Suzanne Norman

Enlightened Living Articles

“An angry man opens his mouth and shuts his eyes”

Friday, January 04, 2013

“An angry man opens his mouth and shuts his eyes” -Cato

“Oh, I shouldn’t have said that”
How many times do you hear yourself saying that? How many times do you react to a situation only to regret it almost immediately and then expend a great deal of emotional energy trying to make it “right”?

Perhaps there are times when someone lashes out at you and says something hurtful or sharp and you obsess about it all day long, your day totally affected by someone elses actions.

Someone pushes your buttons and you react negatively, either with words that may sting (which always leave a lasting impression) or with lingering toxic thoughts that poison your system. There are just a few situations and/or people who still seem to have the ability to push my buttons (and I know that this is the universes way of helping me learn and grow), but after such moments, in reflection, I realize that I lost control – and I once again remind myself that between stimulus and response is a space…. in this space lies my freedom to choose my response. Far too often we react before recognizing that space, that freedom to choose.

We can decide within ourselves how circumstances and situations will affect us. Between what happens to us (the stimulus) and our response to it, is our freedom to choose suffering or ease, in that moment, and moving forward.

People are conditioned by their life experiences and if we remind ourselves of that, that they are just a product of their conditioning, we may find that we view them through different lenses. A more compassionate view of the person may take the sting out, may make it all less personal.

It’s not what other say or do to us that hurt us the most, it is our response to those things. I read a wonderful analogy to this once..“chasing after the poisonous snake that bites us will only drive the poison more deeply through our system. It is far better to take measures immediately to get the poison out”.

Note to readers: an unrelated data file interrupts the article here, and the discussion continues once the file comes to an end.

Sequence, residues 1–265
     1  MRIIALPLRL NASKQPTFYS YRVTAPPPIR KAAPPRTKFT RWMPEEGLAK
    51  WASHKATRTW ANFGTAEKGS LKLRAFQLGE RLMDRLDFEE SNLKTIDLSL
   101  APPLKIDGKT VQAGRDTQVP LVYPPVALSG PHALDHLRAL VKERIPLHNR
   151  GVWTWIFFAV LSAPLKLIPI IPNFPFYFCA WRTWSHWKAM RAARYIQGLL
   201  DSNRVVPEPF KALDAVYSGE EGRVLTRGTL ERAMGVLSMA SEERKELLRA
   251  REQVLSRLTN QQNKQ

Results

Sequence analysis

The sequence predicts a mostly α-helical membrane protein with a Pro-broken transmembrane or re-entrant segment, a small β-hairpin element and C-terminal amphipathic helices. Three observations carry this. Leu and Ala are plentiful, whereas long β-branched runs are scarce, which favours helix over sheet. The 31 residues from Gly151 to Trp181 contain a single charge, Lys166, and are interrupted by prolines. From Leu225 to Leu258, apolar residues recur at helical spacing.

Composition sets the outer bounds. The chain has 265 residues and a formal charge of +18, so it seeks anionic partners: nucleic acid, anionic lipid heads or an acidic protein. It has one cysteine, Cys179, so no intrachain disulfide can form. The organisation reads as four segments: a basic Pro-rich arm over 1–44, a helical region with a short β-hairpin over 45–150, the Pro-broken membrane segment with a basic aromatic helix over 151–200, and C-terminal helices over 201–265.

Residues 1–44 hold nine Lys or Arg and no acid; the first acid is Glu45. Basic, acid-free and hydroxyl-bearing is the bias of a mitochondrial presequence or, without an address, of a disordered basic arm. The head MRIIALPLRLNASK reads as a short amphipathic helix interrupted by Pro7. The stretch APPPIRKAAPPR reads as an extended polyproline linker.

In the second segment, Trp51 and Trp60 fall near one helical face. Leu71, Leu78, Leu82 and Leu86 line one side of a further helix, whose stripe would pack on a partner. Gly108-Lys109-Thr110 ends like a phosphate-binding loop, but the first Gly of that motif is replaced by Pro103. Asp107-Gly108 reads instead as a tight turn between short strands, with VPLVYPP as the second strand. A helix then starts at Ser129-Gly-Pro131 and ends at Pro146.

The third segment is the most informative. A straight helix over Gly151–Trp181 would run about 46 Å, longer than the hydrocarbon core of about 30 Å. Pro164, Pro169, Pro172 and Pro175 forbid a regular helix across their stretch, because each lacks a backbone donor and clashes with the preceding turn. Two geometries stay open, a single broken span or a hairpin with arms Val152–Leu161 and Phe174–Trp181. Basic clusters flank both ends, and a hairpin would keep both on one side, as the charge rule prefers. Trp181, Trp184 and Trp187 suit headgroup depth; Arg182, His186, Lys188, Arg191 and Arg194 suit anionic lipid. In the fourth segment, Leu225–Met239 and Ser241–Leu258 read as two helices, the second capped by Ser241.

If we want to change a situation, we first have to change ourselves. To change ourselves effectively, we first have to change how we view the world around us, our perspective. This is not always easy as we are conditioned by our experiences, by our family and by our culture. We simply assume that the way we see the world around us is the way it really is, and our attitude and behaviors are based on these assumptions.

We must look at the lens through which we see the world and understand that it’s the lens itself that shapes how we interpret the world and our experiences. Once we understand this, our compassion builds, our patience expands and our hearts open, even to those who hurt us.

The next time you feel yourself reacting to the words or actions of another, stop yourself, take a deep breath and allow for that space….then you can choose how or if to respond. Recognize that how you respond will effect you and the other, permanently. You have the power to change your world for the better as long as you always recognize your freedom to choose how you see the world and how you respond to it.

The practice of mindfulness, which we learn and cultivate through yoga and meditation practice, changes the structures of the mind, softens the hard edges and clears our lenses. Before long, our habitual response to every experience in our life comes from that space. We choose the compassionate expression of peace, empowerment and love. So, keep stepping to your mat, keep breathing, and keep working…your body, your mind, and the world, will be better as a result.

A healthy outside starts on the inside” -Robert Urich

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